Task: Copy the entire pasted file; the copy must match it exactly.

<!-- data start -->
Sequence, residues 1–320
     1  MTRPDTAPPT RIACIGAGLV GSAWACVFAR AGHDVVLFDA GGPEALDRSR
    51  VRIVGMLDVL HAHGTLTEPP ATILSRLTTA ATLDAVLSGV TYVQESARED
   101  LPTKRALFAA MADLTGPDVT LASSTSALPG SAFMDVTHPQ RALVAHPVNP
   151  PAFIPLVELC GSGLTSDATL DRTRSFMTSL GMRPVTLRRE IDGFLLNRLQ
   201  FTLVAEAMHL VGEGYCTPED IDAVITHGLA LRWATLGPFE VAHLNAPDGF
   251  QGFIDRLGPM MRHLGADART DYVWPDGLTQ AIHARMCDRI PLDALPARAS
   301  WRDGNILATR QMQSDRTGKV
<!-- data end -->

Sequence, residues 1–320
     1  MTRPDTAPPT RIACIGAGLV GSAWACVFAR AGHDVVLFDA GGPEALDRSR
    51  VRIVGMLDVL HAHGTLTEPP ATILSRLTTA ATLDAVLSGV TYVQESARED
   101  LPTKRALFAA MADLTGPDVT LASSTSALPG SAFMDVTHPQ RALVAHPVNP
   151  PAFIPLVELC GSGLTSDATL DRTRSFMTSL GMRPVTLRRE IDGFLLNRLQ
   201  FTLVAEAMHL VGEGYCTPED IDAVITHGLA LRWATLGPFE VAHLNAPDGF
   251  QGFIDRLGPM MRHLGADART DYVWPDGLTQ AIHARMCDRI PLDALPARAS
   301  WRDGNILATR QMQSDRTGKV